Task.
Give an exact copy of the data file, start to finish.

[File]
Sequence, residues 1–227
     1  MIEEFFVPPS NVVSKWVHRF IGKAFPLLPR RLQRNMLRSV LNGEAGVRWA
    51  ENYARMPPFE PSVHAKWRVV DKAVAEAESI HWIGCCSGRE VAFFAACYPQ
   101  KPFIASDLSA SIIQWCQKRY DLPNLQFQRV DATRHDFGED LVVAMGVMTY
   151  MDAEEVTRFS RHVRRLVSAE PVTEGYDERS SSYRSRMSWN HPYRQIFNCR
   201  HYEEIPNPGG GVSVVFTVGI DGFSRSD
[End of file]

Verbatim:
Sequence, residues 1–227
     1  MIEEFFVPPS NVVSKWVHRF IGKAFPLLPR RLQRNMLRSV LNGEAGVRWA
    51  ENYARMPPFE PSVHAKWRVV DKAVAEAESI HWIGCCSGRE VAFFAACYPQ
   101  KPFIASDLSA SIIQWCQKRY DLPNLQFQRV DATRHDFGED LVVAMGVMTY
   151  MDAEEVTRFS RHVRRLVSAE PVTEGYDERS SSYRSRMSWN HPYRQIFNCR
   201  HYEEIPNPGG GVSVVFTVGI DGFSRSD